Russian President Vladimir Putin, who is very active on the world stage, resembles a “bored king” when it comes to the needs and aspirations of his own country, says Andrew Higgins in an electronic version of The New York Times.
The celebration of the 75th anniversary of the Victory over Nazi Germany was supposed to be the personification of the revived power of Russia, but the epidemic of the coronavirus dealt a blow to these plans.
In other areas, too, not everything is smooth. On the background economic of problems, the ratings of the authorities and the popularity of the very first person go down, the author claims, referring to opinion polls conducted by the Levada Center. Citizens whose employment was not connected with the public sector suffer - they are forced to be in self-isolation without any substantial compensation. An economy dependent on oil and gas revenues is expected to contract 6%.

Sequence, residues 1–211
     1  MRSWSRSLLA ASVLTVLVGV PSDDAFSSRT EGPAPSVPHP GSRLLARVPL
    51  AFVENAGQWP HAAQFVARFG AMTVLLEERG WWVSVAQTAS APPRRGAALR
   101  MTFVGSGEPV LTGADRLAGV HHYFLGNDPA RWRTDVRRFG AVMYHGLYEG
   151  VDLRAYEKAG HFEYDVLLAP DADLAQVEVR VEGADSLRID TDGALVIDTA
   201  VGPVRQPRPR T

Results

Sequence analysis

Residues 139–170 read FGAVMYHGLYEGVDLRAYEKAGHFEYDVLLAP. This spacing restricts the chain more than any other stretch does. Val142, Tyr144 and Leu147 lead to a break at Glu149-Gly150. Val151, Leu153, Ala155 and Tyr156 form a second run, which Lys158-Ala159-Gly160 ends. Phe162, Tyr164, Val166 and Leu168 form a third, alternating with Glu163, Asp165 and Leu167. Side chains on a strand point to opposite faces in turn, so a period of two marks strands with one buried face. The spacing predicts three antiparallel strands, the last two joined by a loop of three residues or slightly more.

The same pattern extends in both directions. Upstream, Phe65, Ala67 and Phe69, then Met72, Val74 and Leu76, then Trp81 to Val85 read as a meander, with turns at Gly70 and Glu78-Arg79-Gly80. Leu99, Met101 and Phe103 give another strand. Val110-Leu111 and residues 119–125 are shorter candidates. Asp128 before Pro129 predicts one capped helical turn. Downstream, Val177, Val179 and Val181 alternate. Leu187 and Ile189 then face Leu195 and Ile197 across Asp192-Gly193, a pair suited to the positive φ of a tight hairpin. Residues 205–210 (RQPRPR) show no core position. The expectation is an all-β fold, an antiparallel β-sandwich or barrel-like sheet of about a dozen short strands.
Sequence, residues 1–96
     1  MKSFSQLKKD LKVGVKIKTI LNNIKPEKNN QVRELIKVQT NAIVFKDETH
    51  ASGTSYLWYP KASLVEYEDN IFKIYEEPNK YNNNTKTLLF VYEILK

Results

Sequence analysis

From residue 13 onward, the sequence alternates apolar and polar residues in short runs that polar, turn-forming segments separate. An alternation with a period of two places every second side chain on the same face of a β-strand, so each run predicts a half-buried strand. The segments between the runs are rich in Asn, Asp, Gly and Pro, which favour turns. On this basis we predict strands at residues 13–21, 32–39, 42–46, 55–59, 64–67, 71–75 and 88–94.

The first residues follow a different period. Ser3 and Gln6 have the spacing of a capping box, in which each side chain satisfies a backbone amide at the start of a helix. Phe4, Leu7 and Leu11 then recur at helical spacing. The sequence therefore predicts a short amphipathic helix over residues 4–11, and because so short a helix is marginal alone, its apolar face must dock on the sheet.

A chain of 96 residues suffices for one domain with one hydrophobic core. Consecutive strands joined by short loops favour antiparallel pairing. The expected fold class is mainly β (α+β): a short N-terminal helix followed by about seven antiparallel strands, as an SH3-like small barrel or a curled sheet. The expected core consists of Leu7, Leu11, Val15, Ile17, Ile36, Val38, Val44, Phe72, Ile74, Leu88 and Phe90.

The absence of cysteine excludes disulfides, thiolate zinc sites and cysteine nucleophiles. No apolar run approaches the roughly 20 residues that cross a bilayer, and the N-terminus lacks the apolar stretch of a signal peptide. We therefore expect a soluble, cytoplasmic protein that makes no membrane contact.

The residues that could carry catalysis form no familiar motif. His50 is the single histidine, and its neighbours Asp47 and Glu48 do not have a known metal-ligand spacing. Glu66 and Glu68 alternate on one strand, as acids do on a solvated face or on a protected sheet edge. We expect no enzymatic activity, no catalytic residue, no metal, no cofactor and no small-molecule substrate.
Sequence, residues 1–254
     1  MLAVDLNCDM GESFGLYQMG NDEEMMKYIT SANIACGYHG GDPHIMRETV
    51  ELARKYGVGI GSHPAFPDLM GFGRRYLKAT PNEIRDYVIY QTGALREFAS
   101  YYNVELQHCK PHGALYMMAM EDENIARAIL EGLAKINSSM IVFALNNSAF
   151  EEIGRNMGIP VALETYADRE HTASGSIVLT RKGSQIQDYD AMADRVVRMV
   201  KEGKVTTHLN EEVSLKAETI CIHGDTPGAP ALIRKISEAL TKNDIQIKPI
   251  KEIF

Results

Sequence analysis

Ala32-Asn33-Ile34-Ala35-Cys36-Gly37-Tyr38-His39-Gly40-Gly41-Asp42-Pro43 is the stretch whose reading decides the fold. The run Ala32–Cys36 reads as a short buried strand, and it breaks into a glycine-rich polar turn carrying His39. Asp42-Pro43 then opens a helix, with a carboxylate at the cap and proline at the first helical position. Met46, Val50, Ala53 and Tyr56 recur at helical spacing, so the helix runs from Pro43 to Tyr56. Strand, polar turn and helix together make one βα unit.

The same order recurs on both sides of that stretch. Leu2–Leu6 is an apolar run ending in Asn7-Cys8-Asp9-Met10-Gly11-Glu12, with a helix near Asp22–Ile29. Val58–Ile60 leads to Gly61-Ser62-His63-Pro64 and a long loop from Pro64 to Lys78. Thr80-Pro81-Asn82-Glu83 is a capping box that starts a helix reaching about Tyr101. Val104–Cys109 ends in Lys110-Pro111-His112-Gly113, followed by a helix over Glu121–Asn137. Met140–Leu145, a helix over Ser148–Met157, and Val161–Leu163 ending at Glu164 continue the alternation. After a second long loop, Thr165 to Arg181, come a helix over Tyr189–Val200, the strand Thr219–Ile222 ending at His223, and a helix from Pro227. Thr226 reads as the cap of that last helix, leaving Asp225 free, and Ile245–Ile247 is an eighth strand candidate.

The pandemic only highlighted what has always been Putin’s greatest vulnerability: lack of interest or any success in resolving domestic problems; such as dilapidated hospitals, areas of hopeless poverty, and falling real incomes of the population for years
- noted in the article.
Having relied on his popularity in the halo of the revival of Russia's great power, Putin, as the author believes, has estranged himself from the public, which, in turn, is rapidly losing interest in its external policy and "the machinations of the West."